Prime Minister Scott Morrison and Minister for Defence Linda Reynolds have confirmed a major boost to Australia’s long-range strike capabilities as part of the government’s $270 billion investment in future defence capability.
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The new investments will be made across the air, maritime and land assets to give the Australian Defence Force more options to protect Australia’s interests and serve as a key component of the government's plan to deter or respond to aggression in the Indo-Pacific, as part of the 2020 Defence Strategic Update and Force Structure Plan.
Prime Minister Morrison said, "The challenges and changing nature in the Indo-Pacific have meant we need a new approach and one that actively seeks to deter actions that are against our interests.
"These new capabilities will provide a strong credible deterrent in our region that will help provide the stability and security we need. We are committed to peace and stability in the region, and an open, inclusive, prosperous and sovereign Indo-Pacific."
The government's commitment to this new strategic policy setting is demonstrated with the decision to acquire an advanced maritime strike capability, the AGM-158C Long Range Anti-Ship Missile (LRASM), from the United States Navy (USN), at an estimated cost of around $800 million.
Minister Reynolds said, "It is essential that we have the capabilities that can hold forces and infrastructure at risk from a greater distance, to influence decision-making of those who may seek to threaten our national interests."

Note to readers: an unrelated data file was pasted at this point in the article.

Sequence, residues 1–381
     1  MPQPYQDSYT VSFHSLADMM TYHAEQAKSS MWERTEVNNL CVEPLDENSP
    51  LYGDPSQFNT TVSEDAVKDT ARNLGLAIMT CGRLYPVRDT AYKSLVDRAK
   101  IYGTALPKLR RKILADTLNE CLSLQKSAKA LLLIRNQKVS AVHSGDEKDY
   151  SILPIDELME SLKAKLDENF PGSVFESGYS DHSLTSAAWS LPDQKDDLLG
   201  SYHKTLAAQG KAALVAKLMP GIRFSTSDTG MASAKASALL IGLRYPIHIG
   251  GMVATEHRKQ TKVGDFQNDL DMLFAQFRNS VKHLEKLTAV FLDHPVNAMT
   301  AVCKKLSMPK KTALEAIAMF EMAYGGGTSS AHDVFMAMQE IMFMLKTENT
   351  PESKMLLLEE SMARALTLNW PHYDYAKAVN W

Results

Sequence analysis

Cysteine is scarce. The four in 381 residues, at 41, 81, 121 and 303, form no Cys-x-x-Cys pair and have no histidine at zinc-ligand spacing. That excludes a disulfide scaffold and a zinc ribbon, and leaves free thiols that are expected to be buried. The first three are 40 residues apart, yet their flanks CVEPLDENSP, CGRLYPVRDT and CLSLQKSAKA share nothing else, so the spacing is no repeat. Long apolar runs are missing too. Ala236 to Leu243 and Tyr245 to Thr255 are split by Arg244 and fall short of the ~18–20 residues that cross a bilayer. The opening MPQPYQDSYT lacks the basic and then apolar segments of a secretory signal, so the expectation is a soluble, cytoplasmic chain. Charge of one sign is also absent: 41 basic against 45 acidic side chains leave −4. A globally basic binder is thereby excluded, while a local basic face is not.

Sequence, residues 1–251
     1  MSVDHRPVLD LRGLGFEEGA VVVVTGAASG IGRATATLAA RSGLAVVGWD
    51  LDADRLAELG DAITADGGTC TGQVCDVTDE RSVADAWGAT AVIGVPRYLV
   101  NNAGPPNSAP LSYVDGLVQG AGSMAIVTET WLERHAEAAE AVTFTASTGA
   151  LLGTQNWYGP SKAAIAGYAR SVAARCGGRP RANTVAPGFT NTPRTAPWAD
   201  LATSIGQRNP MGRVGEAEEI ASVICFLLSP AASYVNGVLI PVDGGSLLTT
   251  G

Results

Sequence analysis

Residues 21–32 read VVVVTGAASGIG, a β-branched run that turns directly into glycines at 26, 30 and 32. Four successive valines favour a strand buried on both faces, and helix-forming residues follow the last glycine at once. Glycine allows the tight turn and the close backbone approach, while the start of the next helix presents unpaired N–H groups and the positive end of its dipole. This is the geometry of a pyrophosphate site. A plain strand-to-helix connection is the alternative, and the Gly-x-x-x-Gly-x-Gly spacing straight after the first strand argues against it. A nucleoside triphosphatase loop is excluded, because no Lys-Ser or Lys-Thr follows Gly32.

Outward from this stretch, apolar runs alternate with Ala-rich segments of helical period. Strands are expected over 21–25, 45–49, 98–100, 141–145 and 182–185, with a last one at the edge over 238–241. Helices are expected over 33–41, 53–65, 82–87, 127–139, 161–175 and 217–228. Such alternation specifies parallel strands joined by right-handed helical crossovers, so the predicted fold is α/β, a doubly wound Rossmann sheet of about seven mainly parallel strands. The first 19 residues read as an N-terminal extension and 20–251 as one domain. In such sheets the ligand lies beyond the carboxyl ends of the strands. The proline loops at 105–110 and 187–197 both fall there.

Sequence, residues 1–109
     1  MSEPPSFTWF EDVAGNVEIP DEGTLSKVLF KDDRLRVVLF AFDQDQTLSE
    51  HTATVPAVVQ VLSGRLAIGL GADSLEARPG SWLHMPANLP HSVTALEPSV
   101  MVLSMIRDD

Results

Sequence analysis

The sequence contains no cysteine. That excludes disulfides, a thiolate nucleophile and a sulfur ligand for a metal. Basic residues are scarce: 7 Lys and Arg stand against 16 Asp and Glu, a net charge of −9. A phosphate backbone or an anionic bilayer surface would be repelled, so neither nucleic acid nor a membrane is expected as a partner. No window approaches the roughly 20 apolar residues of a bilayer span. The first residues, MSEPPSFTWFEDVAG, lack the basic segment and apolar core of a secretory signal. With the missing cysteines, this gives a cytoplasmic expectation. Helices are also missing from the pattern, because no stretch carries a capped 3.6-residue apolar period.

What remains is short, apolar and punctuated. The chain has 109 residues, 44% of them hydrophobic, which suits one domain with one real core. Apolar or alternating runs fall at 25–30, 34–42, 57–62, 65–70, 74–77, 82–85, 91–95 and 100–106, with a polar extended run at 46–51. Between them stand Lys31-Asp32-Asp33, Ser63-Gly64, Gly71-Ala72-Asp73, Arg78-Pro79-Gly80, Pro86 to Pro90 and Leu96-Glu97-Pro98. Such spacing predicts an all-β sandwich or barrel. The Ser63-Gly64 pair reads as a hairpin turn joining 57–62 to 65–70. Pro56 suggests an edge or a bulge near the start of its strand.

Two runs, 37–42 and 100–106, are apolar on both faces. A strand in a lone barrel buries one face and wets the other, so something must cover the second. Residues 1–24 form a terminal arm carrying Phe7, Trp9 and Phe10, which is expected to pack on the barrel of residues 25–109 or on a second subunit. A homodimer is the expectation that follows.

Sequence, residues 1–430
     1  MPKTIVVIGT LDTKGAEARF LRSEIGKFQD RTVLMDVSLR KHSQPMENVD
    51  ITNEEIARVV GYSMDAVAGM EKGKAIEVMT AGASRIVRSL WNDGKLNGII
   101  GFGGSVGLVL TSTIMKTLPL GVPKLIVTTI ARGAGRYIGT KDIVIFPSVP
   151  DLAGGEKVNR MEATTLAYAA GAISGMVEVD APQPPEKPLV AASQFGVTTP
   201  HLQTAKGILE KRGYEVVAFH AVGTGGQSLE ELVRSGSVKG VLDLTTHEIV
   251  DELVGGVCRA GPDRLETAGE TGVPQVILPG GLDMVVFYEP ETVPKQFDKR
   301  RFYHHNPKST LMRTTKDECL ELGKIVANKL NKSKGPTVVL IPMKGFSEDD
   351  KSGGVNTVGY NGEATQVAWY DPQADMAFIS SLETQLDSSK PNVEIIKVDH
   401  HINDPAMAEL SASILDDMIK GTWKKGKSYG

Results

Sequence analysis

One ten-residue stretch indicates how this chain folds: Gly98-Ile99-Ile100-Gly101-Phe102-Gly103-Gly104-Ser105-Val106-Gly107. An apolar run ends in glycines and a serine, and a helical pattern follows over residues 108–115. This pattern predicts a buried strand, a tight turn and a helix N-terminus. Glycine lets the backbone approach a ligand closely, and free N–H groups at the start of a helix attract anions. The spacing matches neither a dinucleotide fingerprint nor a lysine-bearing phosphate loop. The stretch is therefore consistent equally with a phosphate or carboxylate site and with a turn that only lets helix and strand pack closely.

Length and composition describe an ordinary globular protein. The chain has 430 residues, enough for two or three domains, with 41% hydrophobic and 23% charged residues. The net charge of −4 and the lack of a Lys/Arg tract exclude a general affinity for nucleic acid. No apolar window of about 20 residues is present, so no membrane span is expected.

The new missile is a significant upgrade from our current AGM-84 air-launched Harpoon anti-ship missile, which was introduced in the early 1980s, with a range of 124 kilometres. The LRASM has a range in excess of 370 kilometres.
LRASM will initially be used on the F/A-18F Super Hornets and has the flexibility to be integrated onto other Defence aircraft. Training on the weapon system is set to commence in 2021.
LRASM will be another fifth-generation capability added to the Air Force inventory to protect Australia’s maritime region, including our sea lines of communication and helping ensure regional maritime security.
To enhance the strike capability of the ADF across all domains, the government has also put in place plans to invest in:
- Advanced naval strike capabilities, including long-range anti-ship and land strike weapons;
- The acquisition of long-range rocket artillery and missile systems to give the Army an operational strike capability; and
- The development, test and evaluation of high-speed long range strike, including hypersonic weapons.
Over the decade to 2029-30, investment in the acquisition of new capability will grow from $14.4 billion (34 per cent of the budget) to $29.2 billion (40 per cent of the budget).
The government will also consider further force structure adjustments over the medium to longer term, which could involve the introduction of additional, longer-range weapon systems, which will be critical for the ADF to be able to continue to deliver credible deterrent effects.